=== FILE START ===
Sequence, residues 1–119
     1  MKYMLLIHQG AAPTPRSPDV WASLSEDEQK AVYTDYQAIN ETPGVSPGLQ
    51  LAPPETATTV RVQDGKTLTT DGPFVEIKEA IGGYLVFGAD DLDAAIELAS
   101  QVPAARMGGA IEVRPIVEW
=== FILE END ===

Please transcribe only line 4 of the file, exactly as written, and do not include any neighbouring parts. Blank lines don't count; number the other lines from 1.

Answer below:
   101  QVPAARMGGA IEVRPIVEW